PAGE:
What are the Negative Effects of Landfill?

What is a landfill site? Why are they used? Why are they bad for the environment? In this guide we discuss landfill sites and the negative effects they can have.

What is a Landfill Site?

A landfill site is a large area of land specifically designed to be filled with rubbish. Some sites fill a hole in the ground with waste whereas others pile the waste directly onto the ground.

Why are Landfill Sites Used?

Landfill sites are used to dispose of waste that cannot be recycled or reused. This can include domestic rubbish (like plastic, tin packaging and glass) as well as rubbish generated from construction, industrial and commercial businesses. Certain waste – such as hazardous waste, liquid waste and medical waste – cannot be sent to landfill.

Why are Landfill Sites Bad?

Landfill sites are renowned for causing a wide range of environmental and health issues so they should only be used if the waste materials are unable to be reused, recycled or recovered.

Here we’ve explained some of the negative effects of landfill sites:

Releases Methane Gas

Methane – alongside numerous other toxic gases – is emitted from landfill sites. As the biodegradable organic waste decomposes, it naturally releases methane which is a potent greenhouse gas that absorbs heat and contributes to climate change.

Impacts Biodiversity

Landfill sites impact biodiversity in several ways. Here are a few examples –

  • The creation of landfill sites requires wild areas to be cleared, leading to habitat loss and degradation.
  • As landfill sites are filled, some local species can be replaced by other animals that feed on refuse, like rats and crows.
  • Leachate is the liquid produced in landfill sites. This can become toxic and thus contaminate nearby streams, ponds and lakes, damaging the habitat of many different organisms.
  • Soil fertility is impacted too. The combination of toxic substances and decaying organic material can be of detriment to the soil quality, distorting soil fertility and activity and affecting plant life.

Eyesore

Landfill sites aren’t very easy on the eye and tend to be incredibly unpopular with local residents. Not only do they impact the natural landscape, but the decaying organic waste can also cause an unpleasant smell in the surrounding air.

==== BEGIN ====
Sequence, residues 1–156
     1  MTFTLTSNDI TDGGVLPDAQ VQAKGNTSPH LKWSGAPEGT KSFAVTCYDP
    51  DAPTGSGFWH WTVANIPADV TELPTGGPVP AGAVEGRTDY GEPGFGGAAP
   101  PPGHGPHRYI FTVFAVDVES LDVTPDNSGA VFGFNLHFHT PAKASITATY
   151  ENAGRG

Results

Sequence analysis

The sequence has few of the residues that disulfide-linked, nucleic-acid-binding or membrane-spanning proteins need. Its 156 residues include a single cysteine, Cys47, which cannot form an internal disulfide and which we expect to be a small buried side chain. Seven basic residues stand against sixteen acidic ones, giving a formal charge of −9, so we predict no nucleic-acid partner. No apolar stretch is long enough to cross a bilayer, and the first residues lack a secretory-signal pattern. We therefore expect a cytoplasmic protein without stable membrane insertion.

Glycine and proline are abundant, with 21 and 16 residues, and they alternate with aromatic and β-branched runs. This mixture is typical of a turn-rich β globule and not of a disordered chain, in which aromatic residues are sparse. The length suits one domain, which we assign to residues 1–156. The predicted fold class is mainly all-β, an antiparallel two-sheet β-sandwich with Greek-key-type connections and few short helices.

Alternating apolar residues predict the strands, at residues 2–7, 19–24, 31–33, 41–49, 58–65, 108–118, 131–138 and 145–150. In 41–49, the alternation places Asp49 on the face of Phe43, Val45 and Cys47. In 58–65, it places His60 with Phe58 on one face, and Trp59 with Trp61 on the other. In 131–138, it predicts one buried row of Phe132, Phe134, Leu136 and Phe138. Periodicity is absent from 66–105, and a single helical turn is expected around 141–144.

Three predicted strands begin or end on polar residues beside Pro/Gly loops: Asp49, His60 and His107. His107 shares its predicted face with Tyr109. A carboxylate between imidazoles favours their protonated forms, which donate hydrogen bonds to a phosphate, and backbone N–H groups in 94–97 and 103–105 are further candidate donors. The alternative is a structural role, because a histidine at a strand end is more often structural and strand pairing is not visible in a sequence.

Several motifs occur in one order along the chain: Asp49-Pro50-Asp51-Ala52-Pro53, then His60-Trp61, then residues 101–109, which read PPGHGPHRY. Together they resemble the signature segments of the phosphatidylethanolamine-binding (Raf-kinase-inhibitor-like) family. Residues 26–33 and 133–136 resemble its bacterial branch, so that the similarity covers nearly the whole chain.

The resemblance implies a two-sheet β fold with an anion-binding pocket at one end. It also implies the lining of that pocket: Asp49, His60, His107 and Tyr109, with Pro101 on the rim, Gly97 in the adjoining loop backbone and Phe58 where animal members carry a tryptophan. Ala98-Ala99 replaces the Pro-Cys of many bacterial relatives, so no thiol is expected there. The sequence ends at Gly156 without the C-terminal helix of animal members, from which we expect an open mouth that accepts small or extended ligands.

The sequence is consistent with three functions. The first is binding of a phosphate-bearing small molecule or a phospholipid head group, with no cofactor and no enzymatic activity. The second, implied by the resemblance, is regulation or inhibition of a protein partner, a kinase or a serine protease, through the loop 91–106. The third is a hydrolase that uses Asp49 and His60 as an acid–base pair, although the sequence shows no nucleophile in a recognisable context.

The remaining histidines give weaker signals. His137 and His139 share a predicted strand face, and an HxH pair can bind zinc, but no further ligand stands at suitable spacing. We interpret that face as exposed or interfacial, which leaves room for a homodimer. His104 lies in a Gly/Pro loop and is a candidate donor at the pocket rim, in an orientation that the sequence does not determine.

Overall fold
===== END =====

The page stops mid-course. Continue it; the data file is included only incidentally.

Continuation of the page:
Costly

The cost of managing landfill sites can be extremely high. This is because measures need to be implemented in order to manage the gases that are emitted as well as manage groundwater contamination and thus comply with environmental policies.

Also, because the majority of waste materials disposed of at landfill sites take millions of years to decompose, effective long-term strategies and facilities are needed. This usually requires considerable investment.

Can Easily Cause Fires

The large amount of waste mixed with the gases landfill sites produce can easily cause fires to start. In addition to causing air pollution, if the fires aren’t put out immediately, they can get out of control and destroy neighbouring habitats.

Alternative Solutions to Landfill Sites

The waste management hierarchy (as explained below) identifies the other, more favourable solutions for waste before sending it to landfill. It outlines the methods from most preferred to least preferred, encouraging creators of waste to explore alternative options and get the most out of it.

Prevention

Reduce the amount of waste produced so that less of it ends up in landfill.

Prepare for Reuse

Look for opportunities to reuse equipment and materials. Materials can either have the same use or they can be repurposed to have a slightly different use.

Recycle

Waste products – like glass, metal, wood and cardboard – can be recycled and transformed into new items. Many materials can often be recycled various times without losing quality.

Recovery

Some waste materials can be used to create energy. Surplus food, for example, can undergo anaerobic digestion to create digestate and biogas.

Disposal

Methods of disposal include landfill and incineration. No new product nor energy is created via this option.

How Does Recycling Help Landfill Sites?

One of the main benefits of recycling is that it means less waste is sent to landfill. As discussed above, landfill sites cause a whole host of environmental and health issues, so it’s absolutely crucial that creators of waste ensure it is managed in the most efficient and safe way. By recycling products that would have otherwise been dumped at landfill, you’re helping to protect the environment as well as ecosystems and wildlife.

Recycling also helps to conserve natural resources, reduce demand for raw materials and save energy.

Waste Management & Recycling with SL Recycling

Here at SL Recycling, we are committed to diverting waste away from landfill. From metal, wood and cardboard recycling to skip hire and hazardous waste management, we provide a comprehensive range of industry-leading waste management and recycling services in South Wales.

If you’d like to find out more about the impact of landfill or would like a quote for one of our services, please don’t hesitate to get in touch today. We can provide you with a bespoke recommendation based on your individual needs and requirements.

Contact SL Recycling >

See more: Benefits of Recycling Cardboard

See more: What Plastics Can and Cannot be Recycled?